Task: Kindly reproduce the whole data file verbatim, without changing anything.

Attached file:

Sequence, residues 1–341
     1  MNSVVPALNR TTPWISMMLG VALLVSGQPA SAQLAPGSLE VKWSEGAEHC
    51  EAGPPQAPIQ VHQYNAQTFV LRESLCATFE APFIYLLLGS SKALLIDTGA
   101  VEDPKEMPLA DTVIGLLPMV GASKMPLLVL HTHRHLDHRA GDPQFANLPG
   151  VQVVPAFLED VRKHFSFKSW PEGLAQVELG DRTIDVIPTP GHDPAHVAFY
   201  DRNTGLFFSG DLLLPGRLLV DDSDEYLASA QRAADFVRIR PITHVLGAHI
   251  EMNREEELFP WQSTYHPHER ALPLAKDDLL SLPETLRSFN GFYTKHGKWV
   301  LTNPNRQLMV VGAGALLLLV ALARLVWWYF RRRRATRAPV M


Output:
Sequence, residues 1–341
     1  MNSVVPALNR TTPWISMMLG VALLVSGQPA SAQLAPGSLE VKWSEGAEHC
    51  EAGPPQAPIQ VHQYNAQTFV LRESLCATFE APFIYLLLGS SKALLIDTGA
   101  VEDPKEMPLA DTVIGLLPMV GASKMPLLVL HTHRHLDHRA GDPQFANLPG
   151  VQVVPAFLED VRKHFSFKSW PEGLAQVELG DRTIDVIPTP GHDPAHVAFY
   201  DRNTGLFFSG DLLLPGRLLV DDSDEYLASA QRAADFVRIR PITHVLGAHI
   251  EMNREEELFP WQSTYHPHER ALPLAKDDLL SLPETLRSFN GFYTKHGKWV
   301  LTNPNRQLMV VGAGALLLLV ALARLVWWYF RRRRATRAPV M